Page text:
Remarks. The shape of the caudal fin appears different in the two specimens, but in the larger one close examination reveals that it has been bitten or mutilated and regenerated, a common observation in cavernicolous benthic fishes.
Relationships. The Synrang Peninsula cave system is located on the southern slope of the Jaintia Hills and drains southwards to the Meghna River in Bangladesh. The Meghna River is a tributary of the Brahmaputra River, which it joins in the Ganges delta, which constitutes most of the lowlands of Bangladesh.
Although the Ganges delta and adjacent areas are some sort of birthplace for Asian ichthyology, with the founding work of Hamilton (1822), our state of knowledge of its fish fauna is extremely frustrating. Despite the steady flow of publications, monographs and other scholarly and popular treatises, we are desperately lacking sound reviews based on large-scale fieldwork and decently preserved material. This explains why discussion of the relationships of S. papulifera with surface species can hardly be made.
Menon (1987) reviewed the Indian nemacheilines and recorded Nemacheilus sikmaiensis Hora , N. barapaniensis Menon and N. reticulofasciatus Singh and Banarescu (in Singh et al, 1982) from eastern Meghalaya (despite the title of his book, Menon did not examine material from Bangladesh). Schistura papulifera is distinguished from them and from all species of nemacheiline loaches by having the lower half of the head covered by small skin projections (vs. no such projections) and 5 pores in the supratemporal canal of the cephalic lateral-line system (vs. 3, except in Yunnanilus , which has 4). Furthermore, S. papulifera is distinguished from the epigean species by absence of color pattern and possession of vestigial eyes.
Nemacheilus sikmaiensis of Menon (1987) was placed in the genus Schistura ZBK by Kottelat (1990: 208), who commented that records of the species from outside the Irrawaddy drainage (that is, the Brahmaputra drainage) require confirmation. Although the name appears regularly in the Indian literature, until recently no attempt had been made to critically compare material from the two drainages. Vishwanath and Laisram (2001) compared populations from the Brahmaputra and Irrawaddy drainages in Manipur, and concluded that they are conspecific. Besides superficial differences such as the absence of pigmentation pattern and general appearance, S. papulifera is distinguished from S. sikmaiensis in having a distinct processus dentiformis (vs. absence), no median incision in upper lip (vs. presence), absence of an axillary pelvic lobe (vs. presence), and an incomplete lateral line reaching about on a vertical through pelvic-fin origin (vs. complete).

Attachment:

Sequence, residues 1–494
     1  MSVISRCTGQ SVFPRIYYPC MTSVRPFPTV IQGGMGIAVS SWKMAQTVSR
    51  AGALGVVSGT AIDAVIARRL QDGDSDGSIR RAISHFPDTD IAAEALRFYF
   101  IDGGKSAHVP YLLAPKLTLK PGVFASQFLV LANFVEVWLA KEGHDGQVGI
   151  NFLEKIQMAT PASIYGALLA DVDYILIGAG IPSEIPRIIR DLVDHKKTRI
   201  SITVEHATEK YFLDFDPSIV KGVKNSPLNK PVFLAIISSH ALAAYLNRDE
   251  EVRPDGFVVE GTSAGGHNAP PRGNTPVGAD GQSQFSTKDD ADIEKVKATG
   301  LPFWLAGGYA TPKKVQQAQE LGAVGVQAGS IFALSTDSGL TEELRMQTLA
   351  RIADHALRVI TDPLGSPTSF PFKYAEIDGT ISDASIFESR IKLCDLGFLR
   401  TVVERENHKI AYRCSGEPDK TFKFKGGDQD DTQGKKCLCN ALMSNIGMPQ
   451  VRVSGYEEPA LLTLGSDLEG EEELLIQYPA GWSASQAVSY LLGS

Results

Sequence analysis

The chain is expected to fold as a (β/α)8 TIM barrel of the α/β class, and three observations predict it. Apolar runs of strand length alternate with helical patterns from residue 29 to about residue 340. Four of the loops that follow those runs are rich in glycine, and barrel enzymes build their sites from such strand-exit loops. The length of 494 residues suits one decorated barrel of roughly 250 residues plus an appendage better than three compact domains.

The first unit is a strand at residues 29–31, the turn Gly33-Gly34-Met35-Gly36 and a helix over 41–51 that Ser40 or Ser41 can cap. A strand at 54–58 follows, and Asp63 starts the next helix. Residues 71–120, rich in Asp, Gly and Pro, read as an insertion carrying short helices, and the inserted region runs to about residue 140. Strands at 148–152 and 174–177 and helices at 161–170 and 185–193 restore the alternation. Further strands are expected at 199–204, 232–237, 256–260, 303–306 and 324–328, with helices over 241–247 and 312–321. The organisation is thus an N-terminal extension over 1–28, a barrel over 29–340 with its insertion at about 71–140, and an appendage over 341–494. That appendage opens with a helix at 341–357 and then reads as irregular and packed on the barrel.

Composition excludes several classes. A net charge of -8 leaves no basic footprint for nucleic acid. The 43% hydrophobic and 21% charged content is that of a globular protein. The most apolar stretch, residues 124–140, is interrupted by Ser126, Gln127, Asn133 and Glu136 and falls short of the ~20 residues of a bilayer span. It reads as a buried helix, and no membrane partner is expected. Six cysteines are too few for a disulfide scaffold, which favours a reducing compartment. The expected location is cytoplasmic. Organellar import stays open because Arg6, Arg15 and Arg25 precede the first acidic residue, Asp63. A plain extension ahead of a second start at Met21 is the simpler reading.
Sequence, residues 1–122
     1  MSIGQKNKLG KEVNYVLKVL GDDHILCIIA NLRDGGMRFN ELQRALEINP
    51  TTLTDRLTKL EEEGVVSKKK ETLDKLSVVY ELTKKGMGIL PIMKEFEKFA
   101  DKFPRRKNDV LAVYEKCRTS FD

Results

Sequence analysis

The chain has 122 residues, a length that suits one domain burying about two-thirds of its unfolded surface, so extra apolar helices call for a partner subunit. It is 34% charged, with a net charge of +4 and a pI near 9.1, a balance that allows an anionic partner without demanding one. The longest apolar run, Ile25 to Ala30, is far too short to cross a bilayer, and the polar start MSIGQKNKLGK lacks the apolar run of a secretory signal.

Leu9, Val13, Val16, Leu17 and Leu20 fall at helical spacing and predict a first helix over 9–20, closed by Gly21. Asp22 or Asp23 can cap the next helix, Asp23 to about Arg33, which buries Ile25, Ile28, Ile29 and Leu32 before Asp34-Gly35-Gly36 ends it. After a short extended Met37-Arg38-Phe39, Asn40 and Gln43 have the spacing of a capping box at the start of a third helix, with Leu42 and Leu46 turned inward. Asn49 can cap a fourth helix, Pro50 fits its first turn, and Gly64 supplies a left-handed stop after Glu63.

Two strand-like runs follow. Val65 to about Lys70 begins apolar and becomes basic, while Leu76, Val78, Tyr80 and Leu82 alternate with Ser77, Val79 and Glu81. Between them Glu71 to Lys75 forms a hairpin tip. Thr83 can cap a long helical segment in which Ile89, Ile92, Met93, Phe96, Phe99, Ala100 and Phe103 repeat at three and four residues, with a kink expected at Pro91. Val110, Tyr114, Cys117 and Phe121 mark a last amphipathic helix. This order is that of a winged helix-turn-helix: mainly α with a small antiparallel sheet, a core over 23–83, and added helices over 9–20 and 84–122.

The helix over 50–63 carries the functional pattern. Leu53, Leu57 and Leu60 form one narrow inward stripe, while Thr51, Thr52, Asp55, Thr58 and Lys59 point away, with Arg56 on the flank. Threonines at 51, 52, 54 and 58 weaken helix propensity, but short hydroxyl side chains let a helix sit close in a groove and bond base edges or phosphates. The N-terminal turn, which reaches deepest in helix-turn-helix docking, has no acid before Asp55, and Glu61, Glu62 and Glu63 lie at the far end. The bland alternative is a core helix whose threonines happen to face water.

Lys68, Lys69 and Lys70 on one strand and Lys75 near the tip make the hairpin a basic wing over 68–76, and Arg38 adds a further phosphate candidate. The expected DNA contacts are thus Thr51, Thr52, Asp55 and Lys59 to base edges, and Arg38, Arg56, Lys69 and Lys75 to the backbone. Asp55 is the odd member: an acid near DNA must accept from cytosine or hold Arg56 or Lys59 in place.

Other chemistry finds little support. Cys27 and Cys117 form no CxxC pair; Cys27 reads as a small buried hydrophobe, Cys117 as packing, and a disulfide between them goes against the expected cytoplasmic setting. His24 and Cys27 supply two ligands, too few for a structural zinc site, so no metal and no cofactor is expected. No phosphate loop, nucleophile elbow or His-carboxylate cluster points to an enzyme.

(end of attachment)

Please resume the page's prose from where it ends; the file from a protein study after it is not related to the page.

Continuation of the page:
Nemacheilus barapaniensis Menon 1987 is a replacement name for Physoschistura elongata Sen and Nalbant ZBK (in Singh et al., 1982) because it is a junior homonym of Aborichthys elongatus Hora ZBK , if both are placed in Nemacheilus ZBK . As discussed by Kottelat (1990), Aborichthys ZBK and Physoschistura ZBK are distinct and valid genera. Even if there are uncertainties about the actual generic position of P. elongatus , in any case it is not a Nemacheilus ZBK as defined by Kottelat (1984, 1990). Following the International Code of Zoological Nomenclature (art. 59.4), a junior homonym rejected after 1960 (here Physoschistura elongata ZBK rejected by Menon, 1987) must be reinstated as valid if it is later considered not congeneric. Nemacheilus barapaniensis therefore is an objective junior synonym of Physoschistura elongata ZBK , without nomenclatural validity.